You are correct that many times Judges inherently do not treat pro se litigants with the same courtesy that they treat represented ones. What you can do is endear yourself to the court, by starting off, dressing respectfullly, apologizing to the court that you are pro se and that if you could afford an attny you would because you respect the legal system and you respect the courts time, and then say, if you could just listen to my simple argument i will keep it brief, then practice it and you will gain an advanatage.. best of luck.
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Respectfully, instead of insulting lawyers it might be a better idea if you asked your question in a more civil manner. I agree with Mr. Lewis. The best thing is to "play nice." Be respectful. When you disagree and think the judge is not following the law, say "respectfully your honor, I disagree. I believe the law is X." And tell him why.
Both my colleagues give clear answers without emotions. Being afraid of judges is not one of the qualities I have seen in lawyers. They are normally also good at making a record that can be reviewed on appeal
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The GENTLEMEN who have already responded here are far too professional and well-mannered to tell you what you need to hear. I am not. The obvious explanation for some of your experience in family court is inevitably and irrefutably evidenced by the words of your post. The court has taken your measure and is affording you the respect and credibility that the court has concluded you merit. You can be as abusive as you choose about that. The fact is that the court's view of you did not rain down from the sky. It was planted and nurtured by you.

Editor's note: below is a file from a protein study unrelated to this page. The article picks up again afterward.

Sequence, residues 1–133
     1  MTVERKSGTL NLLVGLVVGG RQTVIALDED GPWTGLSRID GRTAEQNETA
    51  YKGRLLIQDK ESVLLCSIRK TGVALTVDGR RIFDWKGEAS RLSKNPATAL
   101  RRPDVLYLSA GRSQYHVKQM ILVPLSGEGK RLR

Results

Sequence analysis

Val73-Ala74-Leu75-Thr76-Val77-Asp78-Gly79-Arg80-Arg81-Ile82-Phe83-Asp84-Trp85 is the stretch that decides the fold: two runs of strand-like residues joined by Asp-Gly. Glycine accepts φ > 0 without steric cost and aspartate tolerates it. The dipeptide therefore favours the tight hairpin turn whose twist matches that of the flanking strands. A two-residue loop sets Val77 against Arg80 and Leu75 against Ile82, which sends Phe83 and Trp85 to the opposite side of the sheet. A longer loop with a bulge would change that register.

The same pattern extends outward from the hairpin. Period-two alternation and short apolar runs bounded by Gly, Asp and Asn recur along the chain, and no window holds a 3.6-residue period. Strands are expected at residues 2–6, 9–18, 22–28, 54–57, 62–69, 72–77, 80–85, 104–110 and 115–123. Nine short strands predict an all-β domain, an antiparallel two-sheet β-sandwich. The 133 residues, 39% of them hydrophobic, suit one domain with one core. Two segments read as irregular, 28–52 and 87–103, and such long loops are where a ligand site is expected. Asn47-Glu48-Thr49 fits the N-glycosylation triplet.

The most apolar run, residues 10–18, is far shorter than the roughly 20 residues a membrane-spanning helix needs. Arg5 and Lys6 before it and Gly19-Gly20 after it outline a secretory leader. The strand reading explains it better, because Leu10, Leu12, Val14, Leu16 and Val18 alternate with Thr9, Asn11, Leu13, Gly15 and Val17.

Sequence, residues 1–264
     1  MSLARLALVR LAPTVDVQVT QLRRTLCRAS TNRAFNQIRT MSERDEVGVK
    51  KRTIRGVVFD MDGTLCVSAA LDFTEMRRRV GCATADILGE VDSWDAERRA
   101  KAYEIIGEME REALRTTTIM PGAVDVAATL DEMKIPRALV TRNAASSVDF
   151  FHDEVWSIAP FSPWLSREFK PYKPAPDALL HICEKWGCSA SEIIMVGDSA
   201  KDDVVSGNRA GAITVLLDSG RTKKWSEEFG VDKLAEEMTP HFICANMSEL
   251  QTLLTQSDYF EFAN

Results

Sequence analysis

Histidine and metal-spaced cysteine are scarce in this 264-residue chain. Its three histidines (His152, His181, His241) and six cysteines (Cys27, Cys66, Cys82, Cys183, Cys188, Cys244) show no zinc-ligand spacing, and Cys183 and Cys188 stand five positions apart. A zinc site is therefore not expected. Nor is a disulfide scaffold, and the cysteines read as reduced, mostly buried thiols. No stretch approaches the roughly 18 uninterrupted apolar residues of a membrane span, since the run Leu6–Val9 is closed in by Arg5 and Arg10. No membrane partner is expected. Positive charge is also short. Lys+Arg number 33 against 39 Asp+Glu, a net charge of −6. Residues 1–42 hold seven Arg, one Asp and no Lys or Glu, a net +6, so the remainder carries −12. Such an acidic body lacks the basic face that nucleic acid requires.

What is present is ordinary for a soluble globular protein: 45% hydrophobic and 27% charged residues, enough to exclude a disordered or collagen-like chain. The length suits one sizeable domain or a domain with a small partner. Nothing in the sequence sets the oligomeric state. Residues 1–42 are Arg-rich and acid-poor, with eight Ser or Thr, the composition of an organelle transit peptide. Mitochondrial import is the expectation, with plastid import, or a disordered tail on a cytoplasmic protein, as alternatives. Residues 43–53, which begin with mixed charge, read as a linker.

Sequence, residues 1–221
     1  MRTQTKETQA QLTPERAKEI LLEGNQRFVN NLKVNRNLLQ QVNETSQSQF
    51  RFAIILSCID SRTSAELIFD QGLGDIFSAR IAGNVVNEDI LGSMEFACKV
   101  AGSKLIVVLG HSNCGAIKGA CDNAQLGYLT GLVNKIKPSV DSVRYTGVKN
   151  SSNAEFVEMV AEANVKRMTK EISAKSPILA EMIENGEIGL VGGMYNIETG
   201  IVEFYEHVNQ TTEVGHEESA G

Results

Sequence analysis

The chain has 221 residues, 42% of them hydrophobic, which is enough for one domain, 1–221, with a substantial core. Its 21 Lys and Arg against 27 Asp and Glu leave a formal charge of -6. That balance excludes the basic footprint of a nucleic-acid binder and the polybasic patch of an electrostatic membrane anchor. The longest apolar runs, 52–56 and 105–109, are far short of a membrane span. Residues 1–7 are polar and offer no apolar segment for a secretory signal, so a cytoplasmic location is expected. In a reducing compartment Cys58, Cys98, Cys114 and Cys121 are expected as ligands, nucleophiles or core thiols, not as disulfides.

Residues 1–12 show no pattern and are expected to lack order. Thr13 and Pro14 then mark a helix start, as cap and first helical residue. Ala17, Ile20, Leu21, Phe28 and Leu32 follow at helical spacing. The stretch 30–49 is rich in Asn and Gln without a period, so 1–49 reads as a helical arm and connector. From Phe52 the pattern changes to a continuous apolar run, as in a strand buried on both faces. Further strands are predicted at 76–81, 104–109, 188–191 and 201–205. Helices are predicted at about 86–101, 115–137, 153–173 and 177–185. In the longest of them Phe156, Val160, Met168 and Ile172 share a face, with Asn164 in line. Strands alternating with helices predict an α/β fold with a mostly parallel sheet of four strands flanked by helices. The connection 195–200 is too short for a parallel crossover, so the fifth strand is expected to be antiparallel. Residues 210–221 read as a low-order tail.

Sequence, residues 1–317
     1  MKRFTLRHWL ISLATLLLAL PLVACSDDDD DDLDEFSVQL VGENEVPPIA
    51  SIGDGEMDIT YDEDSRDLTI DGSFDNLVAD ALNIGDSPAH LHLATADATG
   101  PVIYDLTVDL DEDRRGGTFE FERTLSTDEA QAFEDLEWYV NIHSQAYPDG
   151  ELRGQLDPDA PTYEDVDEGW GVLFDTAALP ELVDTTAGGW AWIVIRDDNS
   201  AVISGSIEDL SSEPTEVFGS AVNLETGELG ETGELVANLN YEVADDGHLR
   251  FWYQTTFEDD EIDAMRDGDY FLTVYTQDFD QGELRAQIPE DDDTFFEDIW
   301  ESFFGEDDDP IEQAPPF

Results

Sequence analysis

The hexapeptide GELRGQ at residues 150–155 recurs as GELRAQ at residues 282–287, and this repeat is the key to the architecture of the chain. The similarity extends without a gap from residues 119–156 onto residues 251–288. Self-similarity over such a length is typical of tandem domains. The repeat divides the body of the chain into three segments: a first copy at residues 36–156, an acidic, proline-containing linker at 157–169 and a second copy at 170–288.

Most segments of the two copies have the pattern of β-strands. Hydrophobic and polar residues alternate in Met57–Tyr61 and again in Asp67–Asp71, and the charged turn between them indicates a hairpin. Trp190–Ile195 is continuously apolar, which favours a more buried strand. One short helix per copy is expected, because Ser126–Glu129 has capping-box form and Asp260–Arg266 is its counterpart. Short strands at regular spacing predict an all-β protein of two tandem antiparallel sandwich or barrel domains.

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I tend to agree with the responding attorneys. A while back, I had a judge removed from a case because the case was simply becoming too much for the judge to handle and the judge was refusing to hear what I had to say. That being said, it was not easy and if there are alternatives, I would strongly recommend you take the route of least resistance. You may want to talk with a local attorney about your options moving forward in your case.
In my experience, trial judges go out of their way to accommodate pro se parties.
But, if the judge discovers that the pro se party is disrespectful to the court, the other parties, or the process, then the judge will quickly shift to a less accommodating attitude.
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